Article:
Restraint urged with RBA’s 3.5% neutral rate call

Excitement in the markets around the latest Reserve Bank revelations is premature, according to one leading economist

Restraint urged with RBA’s 3.5% neutral rate call



While the markets and the Australian dollar reacted strongly to the Reserve Bank of Australia’s (RBA’s) proclamation on Tuesday (18 July) that the “neutral nominal cash rate” should equate to 3.5%, one economist has called for caution.

The day’s reactions showed a bit too much excitement, Savanth Sebastian, senior economist at CommSec, told Australian Broker.

“The important thing is not to get too far ahead of ourselves. We have to realise that the Reserve Bank has made mention of the neutral, natural setting for the economy several times over the last couple of years.”

Putting the announcement in context, he said it would take the RBA a number of years to reach this neutral setting.

“It’s essentially just starting the process and the discussion to look at where rates need to go over the medium-term.”

For the banks, this highlights that rates will eventually lift over the longer-term which will support the financial sector in general, he said.

“The one thing you don’t want to see over the medium term is that rates rise too quickly which will create some serious issues for the housing sector. That could be detrimental to the banks.”

There were no definitive signs in Tuesday’s RBA Board meeting minutes that suggest the cash rate will increase anytime this year, he said.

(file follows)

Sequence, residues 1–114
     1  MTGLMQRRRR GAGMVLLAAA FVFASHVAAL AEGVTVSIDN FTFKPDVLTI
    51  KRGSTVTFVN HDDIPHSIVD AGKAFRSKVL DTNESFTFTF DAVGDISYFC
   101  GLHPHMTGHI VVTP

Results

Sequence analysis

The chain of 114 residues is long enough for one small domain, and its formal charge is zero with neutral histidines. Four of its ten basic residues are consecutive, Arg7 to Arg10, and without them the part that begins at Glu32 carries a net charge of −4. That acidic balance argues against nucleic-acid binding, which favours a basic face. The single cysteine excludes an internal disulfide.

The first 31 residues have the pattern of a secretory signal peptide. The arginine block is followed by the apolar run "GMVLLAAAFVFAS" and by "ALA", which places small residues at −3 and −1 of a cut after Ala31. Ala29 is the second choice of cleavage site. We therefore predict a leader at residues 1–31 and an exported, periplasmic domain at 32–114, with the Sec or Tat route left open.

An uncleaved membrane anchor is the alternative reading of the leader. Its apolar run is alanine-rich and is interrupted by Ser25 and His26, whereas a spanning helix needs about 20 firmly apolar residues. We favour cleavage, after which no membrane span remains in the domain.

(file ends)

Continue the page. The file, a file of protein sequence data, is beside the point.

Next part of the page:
“I think they’re just starting the discussion process while giving themselves the option and trying to get the message out there that higher rates are coming.”

The prospect of higher rates coupled with prudential measures to tighten lending could sap the property market and reduce current levels of high demand, he said.

Mortgage stress will also be a key factor that the RBA will consider when choosing to raise the cash rate in future.

“They’re not going to go out and raise rates without thinking about the repercussions on household debt and mortgage stress. That’s one of the key risks to the economy and they’ll watch that space very closely when lifting rates. What they’d want to see is a solid lift in wage growth and decent lift in overall inflation before they pull the trigger on rate hikes.”

CommSec predicts the first rate hikes will come next year rather than later this year, he said.

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